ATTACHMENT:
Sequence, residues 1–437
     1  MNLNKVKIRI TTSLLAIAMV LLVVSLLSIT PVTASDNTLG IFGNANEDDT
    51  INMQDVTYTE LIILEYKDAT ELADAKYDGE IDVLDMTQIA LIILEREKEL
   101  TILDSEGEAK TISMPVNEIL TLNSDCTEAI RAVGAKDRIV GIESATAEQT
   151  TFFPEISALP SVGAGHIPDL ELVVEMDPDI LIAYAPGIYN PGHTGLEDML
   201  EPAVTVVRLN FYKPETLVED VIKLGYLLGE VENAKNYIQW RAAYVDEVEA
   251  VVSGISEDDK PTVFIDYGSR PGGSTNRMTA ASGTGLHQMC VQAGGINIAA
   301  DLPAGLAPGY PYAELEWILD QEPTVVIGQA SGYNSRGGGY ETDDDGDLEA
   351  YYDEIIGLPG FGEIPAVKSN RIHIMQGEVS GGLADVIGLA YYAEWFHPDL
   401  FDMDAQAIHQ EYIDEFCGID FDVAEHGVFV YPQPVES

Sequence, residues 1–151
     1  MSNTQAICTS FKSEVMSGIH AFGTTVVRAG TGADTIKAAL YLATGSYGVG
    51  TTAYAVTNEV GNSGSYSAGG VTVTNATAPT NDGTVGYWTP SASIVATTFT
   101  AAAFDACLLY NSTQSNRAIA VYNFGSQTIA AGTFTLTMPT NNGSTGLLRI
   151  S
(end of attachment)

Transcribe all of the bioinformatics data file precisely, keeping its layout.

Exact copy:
Sequence, residues 1–437
     1  MNLNKVKIRI TTSLLAIAMV LLVVSLLSIT PVTASDNTLG IFGNANEDDT
    51  INMQDVTYTE LIILEYKDAT ELADAKYDGE IDVLDMTQIA LIILEREKEL
   101  TILDSEGEAK TISMPVNEIL TLNSDCTEAI RAVGAKDRIV GIESATAEQT
   151  TFFPEISALP SVGAGHIPDL ELVVEMDPDI LIAYAPGIYN PGHTGLEDML
   201  EPAVTVVRLN FYKPETLVED VIKLGYLLGE VENAKNYIQW RAAYVDEVEA
   251  VVSGISEDDK PTVFIDYGSR PGGSTNRMTA ASGTGLHQMC VQAGGINIAA
   301  DLPAGLAPGY PYAELEWILD QEPTVVIGQA SGYNSRGGGY ETDDDGDLEA
   351  YYDEIIGLPG FGEIPAVKSN RIHIMQGEVS GGLADVIGLA YYAEWFHPDL
   401  FDMDAQAIHQ EYIDEFCGID FDVAEHGVFV YPQPVES

Sequence, residues 1–151
     1  MSNTQAICTS FKSEVMSGIH AFGTTVVRAG TGADTIKAAL YLATGSYGVG
    51  TTAYAVTNEV GNSGSYSAGG VTVTNATAPT NDGTVGYWTP SASIVATTFT
   101  AAAFDACLLY NSTQSNRAIA VYNFGSQTIA AGTFTLTMPT NNGSTGLLRI
   151  S